Coping with pain: A component analysis of stress inoculation

John J. Horan, Gail Hackett, Jay D. Buchanan, Christopher I. Stone, Deborah Demchik-Stone

Research output: Contribution to journalArticle

47 Scopus citations

Abstract

The stress inoculation paradigm for helping clients deal with pain consists of education about the psychological dimensions of pain à la Melzack, training in a number of coping skills relevant to each dimension, and practice in applying these skills to the noxious stimulus. In order to determine which of these treatment components have a reactive effect, 70 screened clients were randomly assigned to one of five treatment conditions. The cold pressor and pressure algometer tasks, respectively, yielded three direct and three generalization measures. On all direct measures coping skills training resulted in highly significant improvement. Neither education (i.e., insight)nor exposure had any effect. In comparison to a nonspecific treatment the stress inoculation package proved useful on two direct measures; however, on the generalization measures neither stress inoculation nor any of its components had any impact. Heart rate changes, observed for exploratory purposes, were consistent with current research and speculation.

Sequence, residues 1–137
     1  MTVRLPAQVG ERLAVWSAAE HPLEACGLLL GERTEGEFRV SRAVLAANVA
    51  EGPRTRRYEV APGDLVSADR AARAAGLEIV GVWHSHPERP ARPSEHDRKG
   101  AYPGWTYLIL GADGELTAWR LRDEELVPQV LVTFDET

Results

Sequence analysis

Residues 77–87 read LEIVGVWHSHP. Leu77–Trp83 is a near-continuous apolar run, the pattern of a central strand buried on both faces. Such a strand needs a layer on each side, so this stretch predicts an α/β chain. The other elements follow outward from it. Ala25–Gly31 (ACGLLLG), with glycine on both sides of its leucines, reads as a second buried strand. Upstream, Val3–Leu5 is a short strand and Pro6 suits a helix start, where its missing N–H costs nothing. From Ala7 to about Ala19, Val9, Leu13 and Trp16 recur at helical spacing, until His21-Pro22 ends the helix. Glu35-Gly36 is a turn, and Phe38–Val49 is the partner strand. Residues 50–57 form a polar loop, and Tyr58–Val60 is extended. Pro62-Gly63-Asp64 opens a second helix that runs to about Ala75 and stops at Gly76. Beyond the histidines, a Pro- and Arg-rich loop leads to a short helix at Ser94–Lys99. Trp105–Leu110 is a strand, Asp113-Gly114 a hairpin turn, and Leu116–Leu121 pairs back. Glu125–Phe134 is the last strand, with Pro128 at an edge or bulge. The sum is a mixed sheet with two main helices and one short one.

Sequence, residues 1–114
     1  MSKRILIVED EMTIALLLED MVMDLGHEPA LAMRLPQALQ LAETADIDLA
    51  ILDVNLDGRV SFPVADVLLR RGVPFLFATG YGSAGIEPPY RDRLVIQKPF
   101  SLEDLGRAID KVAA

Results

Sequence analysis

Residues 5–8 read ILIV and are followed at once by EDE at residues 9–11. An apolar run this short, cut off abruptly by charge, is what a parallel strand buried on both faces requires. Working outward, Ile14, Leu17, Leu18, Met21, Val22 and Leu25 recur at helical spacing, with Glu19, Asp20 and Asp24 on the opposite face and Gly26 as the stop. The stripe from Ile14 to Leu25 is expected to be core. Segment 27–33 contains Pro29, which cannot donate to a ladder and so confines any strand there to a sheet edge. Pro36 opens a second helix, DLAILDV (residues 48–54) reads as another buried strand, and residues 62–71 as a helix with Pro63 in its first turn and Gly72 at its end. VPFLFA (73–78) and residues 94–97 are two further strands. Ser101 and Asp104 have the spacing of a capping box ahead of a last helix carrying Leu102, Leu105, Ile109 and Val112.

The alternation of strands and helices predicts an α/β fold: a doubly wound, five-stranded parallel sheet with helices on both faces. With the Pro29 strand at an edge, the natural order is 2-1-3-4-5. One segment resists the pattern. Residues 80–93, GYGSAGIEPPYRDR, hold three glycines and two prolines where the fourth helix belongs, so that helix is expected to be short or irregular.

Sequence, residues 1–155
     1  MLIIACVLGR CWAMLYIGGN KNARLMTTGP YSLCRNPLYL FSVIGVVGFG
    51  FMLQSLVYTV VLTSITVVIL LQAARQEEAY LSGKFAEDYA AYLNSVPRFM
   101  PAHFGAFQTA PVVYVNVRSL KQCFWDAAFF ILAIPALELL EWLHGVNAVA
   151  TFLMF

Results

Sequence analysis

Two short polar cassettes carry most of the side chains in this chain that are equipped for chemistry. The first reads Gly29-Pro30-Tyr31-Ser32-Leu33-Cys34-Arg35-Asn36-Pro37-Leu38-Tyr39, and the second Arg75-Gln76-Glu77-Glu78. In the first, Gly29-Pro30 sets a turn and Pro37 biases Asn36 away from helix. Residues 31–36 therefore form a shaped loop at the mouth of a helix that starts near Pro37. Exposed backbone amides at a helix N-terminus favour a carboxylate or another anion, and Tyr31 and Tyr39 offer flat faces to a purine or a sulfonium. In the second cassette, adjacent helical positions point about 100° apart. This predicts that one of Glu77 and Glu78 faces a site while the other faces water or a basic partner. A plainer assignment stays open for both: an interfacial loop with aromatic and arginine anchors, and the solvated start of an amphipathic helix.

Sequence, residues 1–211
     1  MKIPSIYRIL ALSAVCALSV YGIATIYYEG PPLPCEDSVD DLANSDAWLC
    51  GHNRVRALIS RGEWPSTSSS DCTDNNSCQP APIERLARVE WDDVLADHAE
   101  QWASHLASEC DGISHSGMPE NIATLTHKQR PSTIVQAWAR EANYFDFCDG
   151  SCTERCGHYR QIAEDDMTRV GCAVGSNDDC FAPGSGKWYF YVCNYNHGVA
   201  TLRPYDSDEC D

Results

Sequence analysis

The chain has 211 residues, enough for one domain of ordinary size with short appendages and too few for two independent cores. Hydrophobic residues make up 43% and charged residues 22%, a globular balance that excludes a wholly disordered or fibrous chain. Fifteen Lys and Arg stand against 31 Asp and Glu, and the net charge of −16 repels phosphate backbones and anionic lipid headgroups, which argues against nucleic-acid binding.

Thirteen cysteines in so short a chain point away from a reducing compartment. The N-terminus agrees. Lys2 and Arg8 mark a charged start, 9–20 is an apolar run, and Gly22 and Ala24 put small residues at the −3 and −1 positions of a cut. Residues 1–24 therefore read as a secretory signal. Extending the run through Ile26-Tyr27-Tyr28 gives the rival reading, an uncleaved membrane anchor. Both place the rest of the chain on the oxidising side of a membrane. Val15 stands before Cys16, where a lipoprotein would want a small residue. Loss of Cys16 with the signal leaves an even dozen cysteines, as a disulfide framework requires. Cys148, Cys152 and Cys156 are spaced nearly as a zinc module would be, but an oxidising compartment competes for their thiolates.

Original languageEnglish (US)
Pages (from-to)211-221
Number of pages11
JournalCognitive Therapy and Research
Volume1
Issue number3
DOIs
StatePublished - Sep 1 1977

ASJC Scopus subject areas

  • Experimental and Cognitive Psychology
  • Clinical Psychology

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    Horan, J. J., Hackett, G., Buchanan, J. D., Stone, C. I., & Demchik-Stone, D. (1977). Coping with pain: A component analysis of stress inoculation. Cognitive Therapy and Research, 1(3), 211-221. https://doi.org/10.1007/BF01186794